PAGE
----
Matthew Vaughn’s butt-kicking take on Mark Millar’s Kingsman: The Secret Service might well be the surprise package of 2015. Replicating the spirit of his 2012 hit Kick Ass – which was also an adaptation of Millar’s written work – Kingsman is an alternative crime/spy/secret agent adventure flick which pays homage to the likes of old-school, cheese-tactic Bond, in its own silly, outlandish and ultra violent fashion.
Chav-tastic teenager, Eggsy (played by newbie Welsh actor, Taron Egerton), is a bright spark with a rebellious streak from the rough end of London. On the brink of prison after being nicked for stealing a car, the youngster is given a second chance when he unknowingly calls in a favour from one of the leading members of the Kingsman secret service, Harry Hart (Colin Firth). Hart – whose life was once saved by Eggsy’s late father on a mission – believes the young man has potential and selects him for Kingsman training to join the ranks of the suit-wearing posh0s. Needless to say, it is not a straightforward process: billionaire businessman, Valentine (Samuel L. Jackson), is a constant thorn in the side of Hart and co., whilst the baseball cap wearing prodigy faced stiff competition – and plenty of prejudice – in his battle to join the ranks of the (very) secret service.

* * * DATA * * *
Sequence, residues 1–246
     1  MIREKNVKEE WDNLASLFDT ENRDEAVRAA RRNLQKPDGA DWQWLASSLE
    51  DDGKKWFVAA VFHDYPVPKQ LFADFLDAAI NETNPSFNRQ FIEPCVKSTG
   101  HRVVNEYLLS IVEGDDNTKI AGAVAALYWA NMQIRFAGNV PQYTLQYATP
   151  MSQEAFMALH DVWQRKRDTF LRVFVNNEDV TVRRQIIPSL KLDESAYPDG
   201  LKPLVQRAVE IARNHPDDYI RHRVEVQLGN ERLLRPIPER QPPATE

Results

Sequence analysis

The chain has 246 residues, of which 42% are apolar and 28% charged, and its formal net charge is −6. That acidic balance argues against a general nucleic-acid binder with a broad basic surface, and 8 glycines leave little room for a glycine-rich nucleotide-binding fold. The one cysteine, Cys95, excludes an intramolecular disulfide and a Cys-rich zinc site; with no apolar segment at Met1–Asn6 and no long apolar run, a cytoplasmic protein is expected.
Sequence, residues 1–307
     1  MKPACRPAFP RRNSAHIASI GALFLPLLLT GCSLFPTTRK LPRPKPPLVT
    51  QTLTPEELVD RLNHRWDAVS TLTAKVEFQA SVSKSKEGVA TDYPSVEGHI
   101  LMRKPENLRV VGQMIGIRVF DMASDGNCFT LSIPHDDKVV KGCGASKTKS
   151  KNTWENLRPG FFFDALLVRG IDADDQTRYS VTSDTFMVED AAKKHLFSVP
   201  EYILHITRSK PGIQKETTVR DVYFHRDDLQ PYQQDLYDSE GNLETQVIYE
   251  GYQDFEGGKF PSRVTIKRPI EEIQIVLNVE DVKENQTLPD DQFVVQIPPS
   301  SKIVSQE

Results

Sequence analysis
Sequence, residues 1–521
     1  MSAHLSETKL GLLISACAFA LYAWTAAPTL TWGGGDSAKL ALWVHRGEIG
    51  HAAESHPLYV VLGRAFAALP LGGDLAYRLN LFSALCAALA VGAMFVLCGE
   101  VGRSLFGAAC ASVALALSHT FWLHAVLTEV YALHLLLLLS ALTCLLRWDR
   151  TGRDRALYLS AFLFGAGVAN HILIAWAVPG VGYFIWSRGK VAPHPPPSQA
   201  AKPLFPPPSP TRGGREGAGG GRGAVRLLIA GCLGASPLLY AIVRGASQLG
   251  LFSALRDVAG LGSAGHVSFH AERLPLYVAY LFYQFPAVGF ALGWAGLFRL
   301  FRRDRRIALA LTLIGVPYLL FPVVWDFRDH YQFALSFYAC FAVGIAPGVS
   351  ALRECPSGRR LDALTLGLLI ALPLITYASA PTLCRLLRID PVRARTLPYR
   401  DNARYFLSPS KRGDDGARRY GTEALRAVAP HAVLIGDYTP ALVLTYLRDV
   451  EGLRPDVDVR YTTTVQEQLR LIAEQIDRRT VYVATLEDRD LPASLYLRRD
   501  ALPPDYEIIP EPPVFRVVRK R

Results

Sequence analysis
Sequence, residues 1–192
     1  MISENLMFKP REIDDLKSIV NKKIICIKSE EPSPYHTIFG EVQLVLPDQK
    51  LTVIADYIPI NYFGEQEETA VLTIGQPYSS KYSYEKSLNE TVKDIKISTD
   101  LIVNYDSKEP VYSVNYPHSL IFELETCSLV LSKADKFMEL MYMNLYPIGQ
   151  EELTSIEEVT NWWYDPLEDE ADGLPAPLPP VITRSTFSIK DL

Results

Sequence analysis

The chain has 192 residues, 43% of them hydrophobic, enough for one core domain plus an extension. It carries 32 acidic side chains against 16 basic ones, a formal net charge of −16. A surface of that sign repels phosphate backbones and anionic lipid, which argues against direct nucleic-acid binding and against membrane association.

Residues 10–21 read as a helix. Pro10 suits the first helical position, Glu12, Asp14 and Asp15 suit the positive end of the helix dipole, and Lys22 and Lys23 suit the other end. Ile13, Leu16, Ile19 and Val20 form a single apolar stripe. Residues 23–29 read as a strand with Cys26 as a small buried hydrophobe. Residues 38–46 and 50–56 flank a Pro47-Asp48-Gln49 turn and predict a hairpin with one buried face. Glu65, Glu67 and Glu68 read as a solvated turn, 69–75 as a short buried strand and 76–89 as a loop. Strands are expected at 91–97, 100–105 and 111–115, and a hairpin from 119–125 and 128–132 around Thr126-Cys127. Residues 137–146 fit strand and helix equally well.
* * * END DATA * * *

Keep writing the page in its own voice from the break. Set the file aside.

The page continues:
Firth himself said that the film would surprise a lot of people, but it was the Oscar winner’s performance that was the biggest shocker of them all. His usual sophistication and charm was mixed together with a ferocious streak which he pulled off to a tee. Who would have thought that one of Britain’s most treasured darlings could be such a convincing ass-kicker? Jackson’s lisped billionaire, which could have easily gone either way on the ratings scale, turned into a thoroughly enjoyable villain-of-the-piece. Much like the movie itself, the success of Jackson’s Valentine lied in the fact that he did not take himself too seriously. Throughout his character made reference to the fact he was not the stereotypical bad guy, tipping his metaphorical cap to the numerous James Bond antagonists who have graced our screens over the years. A man who was literally sick at the sight of violence, along with his legless henchwoman, Gazelle (Sofia Boutella), and much like newbie secret agent, Eggsy, they are not your usual main players in a spy flick.
Towards the end of the film – heck, even in its early exchanges – it becomes extremely easy to forget what is actually going on. Plot? What plot? Plans to change the world are a foot, but it is far too easy to lose yourself in everything that is going on around it to really care. Kingsman‘s clunkiness in its later stages, along with an over-reliance on its wildly extravagant, yet extremely watchable, action sequences can be forgiven as Vaughn has produced a frantically silly spectacle, which should not work as well as it does, but makes for an enjoyable ride.